People from all around the world can sign up to be MTurk “workers” (or “Turkers”) and complete HITs for monetary compensation. However, not everyone who signs up is granted access to MTurk, as all worker accounts must first be approved by Amazon. Over time, a small portion of users become “master workers” — that is, workers who have “consistently demonstrated a high degree of success in performing a wide range of HITs across a large number of requesters”. Amazon has not disclosed the specific criteria it uses for determining who can receive the master worker designation, or even who can join the workforce in the first place. When setting up HITs on MTurk, a requester can target a subset of the worker population based on location, performance history, master worker status, and other “qualifications” provided by the system or previously assigned by the requester.
Each HIT on MTurk represents an individual task that can typically be done by a human rather quickly (e.g., labeling an image, finding the address of a restaurant). However, some HITs, such as transcribing an audio track or answering a survey, may take longer to complete. In most cases, requesters would create a “project” (also known as a “HIT group”, a “HIT type”, or a “batch”) that contains many HITs of the same kind. Furthermore, a single HIT can have multiple “assignments”. This allows more than one worker to complete each HIT, which is useful to requesters hoping to seek consensus or different viewpoints on certain subjects.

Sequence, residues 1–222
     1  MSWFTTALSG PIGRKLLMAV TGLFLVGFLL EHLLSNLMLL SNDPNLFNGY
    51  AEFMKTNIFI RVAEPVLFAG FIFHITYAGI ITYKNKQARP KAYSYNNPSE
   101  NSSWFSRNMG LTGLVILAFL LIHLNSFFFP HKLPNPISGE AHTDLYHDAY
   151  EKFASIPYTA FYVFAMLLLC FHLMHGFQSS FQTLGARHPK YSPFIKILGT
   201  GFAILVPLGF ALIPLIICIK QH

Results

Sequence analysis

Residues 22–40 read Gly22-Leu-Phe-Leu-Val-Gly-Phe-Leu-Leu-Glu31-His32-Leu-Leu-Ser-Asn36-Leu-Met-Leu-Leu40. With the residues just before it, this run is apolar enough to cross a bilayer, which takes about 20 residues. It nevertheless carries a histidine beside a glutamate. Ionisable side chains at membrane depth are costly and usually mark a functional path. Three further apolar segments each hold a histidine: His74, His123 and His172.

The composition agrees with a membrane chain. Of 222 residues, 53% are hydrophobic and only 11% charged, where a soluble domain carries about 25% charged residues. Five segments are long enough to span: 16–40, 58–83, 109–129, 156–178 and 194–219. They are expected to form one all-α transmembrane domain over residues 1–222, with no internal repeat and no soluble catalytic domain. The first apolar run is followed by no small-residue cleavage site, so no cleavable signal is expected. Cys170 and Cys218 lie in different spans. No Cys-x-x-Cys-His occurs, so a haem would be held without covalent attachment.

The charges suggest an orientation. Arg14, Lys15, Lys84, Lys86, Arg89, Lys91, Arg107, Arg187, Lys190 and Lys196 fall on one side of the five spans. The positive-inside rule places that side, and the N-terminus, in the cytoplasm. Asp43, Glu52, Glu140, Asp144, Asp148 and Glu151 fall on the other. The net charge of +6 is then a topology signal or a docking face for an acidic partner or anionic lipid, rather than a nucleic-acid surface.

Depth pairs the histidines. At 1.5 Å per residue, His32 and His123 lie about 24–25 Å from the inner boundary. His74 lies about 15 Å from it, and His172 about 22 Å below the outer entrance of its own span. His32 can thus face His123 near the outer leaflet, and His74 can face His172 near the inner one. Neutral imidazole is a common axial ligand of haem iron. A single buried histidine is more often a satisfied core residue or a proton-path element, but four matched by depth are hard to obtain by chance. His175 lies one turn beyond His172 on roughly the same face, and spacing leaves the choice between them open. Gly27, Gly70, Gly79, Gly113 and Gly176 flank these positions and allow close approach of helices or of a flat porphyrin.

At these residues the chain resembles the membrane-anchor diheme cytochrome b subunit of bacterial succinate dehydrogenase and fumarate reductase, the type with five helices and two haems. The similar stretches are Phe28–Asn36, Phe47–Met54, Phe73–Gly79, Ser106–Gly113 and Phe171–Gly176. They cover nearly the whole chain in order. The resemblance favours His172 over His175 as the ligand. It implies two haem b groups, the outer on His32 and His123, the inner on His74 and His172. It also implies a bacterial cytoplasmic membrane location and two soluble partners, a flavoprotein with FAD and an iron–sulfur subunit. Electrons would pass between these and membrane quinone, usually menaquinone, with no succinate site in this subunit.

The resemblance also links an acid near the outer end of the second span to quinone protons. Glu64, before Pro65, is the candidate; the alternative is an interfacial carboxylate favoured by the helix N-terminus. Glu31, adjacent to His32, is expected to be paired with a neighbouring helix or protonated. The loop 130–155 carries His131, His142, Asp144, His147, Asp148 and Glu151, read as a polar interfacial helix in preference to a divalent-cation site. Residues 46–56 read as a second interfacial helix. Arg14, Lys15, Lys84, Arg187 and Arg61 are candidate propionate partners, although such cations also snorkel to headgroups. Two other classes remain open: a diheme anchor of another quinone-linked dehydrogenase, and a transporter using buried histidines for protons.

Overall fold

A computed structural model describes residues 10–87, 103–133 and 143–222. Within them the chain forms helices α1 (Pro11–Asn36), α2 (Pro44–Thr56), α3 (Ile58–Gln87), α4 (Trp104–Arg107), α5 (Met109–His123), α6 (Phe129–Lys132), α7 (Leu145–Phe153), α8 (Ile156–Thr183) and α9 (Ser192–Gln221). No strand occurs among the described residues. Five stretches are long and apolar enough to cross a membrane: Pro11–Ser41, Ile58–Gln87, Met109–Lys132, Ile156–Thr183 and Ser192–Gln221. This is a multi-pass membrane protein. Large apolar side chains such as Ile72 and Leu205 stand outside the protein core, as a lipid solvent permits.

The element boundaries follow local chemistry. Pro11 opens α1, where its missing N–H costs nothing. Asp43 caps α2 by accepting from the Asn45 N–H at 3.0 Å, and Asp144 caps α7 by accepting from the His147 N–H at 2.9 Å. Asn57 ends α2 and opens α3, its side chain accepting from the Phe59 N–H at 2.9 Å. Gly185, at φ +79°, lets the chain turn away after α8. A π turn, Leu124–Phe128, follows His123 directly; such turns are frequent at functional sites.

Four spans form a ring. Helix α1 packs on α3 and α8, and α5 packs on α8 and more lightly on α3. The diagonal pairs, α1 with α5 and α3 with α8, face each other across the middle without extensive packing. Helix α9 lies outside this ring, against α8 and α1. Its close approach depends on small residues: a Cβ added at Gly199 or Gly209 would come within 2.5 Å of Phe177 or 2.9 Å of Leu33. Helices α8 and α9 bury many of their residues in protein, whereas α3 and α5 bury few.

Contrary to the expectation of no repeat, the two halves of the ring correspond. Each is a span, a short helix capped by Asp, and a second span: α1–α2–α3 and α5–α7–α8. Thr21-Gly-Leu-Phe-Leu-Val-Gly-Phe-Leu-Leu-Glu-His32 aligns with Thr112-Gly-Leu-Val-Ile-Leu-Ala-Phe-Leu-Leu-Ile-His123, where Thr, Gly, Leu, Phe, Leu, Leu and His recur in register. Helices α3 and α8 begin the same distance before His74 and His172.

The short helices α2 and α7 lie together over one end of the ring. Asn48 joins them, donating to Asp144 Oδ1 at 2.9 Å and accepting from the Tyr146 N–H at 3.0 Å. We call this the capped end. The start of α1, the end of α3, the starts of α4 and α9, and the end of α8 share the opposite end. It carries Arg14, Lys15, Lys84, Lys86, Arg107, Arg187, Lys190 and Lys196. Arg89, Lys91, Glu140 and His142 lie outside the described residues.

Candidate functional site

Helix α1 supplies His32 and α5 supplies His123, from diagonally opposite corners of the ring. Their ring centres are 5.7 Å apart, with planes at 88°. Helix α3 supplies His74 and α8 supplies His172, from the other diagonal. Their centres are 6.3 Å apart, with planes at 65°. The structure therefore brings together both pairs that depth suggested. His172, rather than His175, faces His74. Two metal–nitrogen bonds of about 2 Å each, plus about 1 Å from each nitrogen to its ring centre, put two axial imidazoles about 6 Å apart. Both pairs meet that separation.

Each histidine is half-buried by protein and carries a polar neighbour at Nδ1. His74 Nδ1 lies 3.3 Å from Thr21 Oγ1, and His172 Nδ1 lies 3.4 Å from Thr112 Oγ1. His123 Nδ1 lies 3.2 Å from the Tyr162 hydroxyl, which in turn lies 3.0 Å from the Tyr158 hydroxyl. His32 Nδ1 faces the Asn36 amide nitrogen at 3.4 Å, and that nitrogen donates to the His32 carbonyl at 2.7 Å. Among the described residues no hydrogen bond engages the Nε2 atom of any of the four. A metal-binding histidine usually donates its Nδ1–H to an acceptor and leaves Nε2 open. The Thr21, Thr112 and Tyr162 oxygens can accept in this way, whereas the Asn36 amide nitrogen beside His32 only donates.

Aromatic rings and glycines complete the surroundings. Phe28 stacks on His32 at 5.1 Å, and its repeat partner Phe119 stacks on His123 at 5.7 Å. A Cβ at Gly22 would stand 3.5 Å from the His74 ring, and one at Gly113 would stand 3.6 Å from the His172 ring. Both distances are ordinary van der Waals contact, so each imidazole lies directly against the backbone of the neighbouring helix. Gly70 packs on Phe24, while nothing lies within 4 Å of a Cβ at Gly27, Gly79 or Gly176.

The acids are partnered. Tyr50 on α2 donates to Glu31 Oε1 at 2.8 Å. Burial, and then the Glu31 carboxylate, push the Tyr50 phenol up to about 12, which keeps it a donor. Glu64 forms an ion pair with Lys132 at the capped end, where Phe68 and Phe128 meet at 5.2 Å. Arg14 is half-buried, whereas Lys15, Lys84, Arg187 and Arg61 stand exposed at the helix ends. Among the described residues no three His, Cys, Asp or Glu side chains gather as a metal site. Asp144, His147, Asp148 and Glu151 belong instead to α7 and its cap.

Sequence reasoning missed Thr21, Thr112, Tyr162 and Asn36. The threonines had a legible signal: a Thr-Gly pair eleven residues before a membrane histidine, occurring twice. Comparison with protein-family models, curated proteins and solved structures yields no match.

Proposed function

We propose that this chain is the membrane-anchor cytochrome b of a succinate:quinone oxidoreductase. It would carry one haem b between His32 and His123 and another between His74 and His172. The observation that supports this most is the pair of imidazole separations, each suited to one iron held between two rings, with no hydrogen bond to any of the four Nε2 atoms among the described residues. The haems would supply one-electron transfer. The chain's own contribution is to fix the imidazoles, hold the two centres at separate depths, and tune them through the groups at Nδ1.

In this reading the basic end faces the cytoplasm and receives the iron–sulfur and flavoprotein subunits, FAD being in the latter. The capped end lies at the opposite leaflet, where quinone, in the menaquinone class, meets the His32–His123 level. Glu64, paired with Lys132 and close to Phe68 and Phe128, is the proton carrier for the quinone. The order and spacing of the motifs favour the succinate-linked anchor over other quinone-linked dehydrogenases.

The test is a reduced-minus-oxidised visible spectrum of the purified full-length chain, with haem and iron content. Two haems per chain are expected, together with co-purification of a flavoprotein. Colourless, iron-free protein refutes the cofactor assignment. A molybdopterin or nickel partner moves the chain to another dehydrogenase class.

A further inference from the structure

Requesters have the option to post HITs and manage workers through MTurk’s graphical user interface (GUI), command line interface (CLI), or application programming interface (API). The GUI, which can be accessed by logging into the MTurk requester site, enables users to build HITs visually from a set of HTML templates. If a requester hopes to conduct a study hosted on an external website (e.g., Qualtrics), he or she can simply create a HIT in the GUI with a link to the study. By contrast, the CLI requires requesters to interact with MTurk programmatically. Although the GUI is easier to use, the CLI offers more features, including the ability to add “qualification tests” that workers must pass before they can complete certain HITs. Finally, requesters can use the API to perform all the operations available in the GUI and the CLI, as well as some additional functions, such as emailing workers. One of the main advantages of the API is that it can be integrated into business applications and back-end systems, which allows companies to automatically generate HITs, process data, pay workers, etc.